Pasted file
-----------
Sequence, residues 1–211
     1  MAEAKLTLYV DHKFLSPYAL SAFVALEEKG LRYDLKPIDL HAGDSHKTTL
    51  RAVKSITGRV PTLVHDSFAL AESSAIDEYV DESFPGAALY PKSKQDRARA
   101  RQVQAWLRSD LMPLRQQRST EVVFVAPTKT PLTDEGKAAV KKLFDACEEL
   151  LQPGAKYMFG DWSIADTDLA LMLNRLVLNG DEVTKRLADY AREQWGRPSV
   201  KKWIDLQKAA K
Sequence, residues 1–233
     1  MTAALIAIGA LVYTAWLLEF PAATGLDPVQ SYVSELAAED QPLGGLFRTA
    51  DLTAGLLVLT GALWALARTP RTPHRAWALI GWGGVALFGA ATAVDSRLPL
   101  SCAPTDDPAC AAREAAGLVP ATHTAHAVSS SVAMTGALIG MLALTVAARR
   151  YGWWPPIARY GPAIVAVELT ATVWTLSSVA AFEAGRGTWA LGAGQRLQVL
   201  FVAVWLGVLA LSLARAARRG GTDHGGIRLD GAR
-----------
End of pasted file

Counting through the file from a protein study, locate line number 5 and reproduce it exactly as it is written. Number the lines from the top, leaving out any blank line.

   151  LQPGAKYMFG DWSIADTDLA LMLNRLVLNG DEVTKRLADY AREQWGRPSV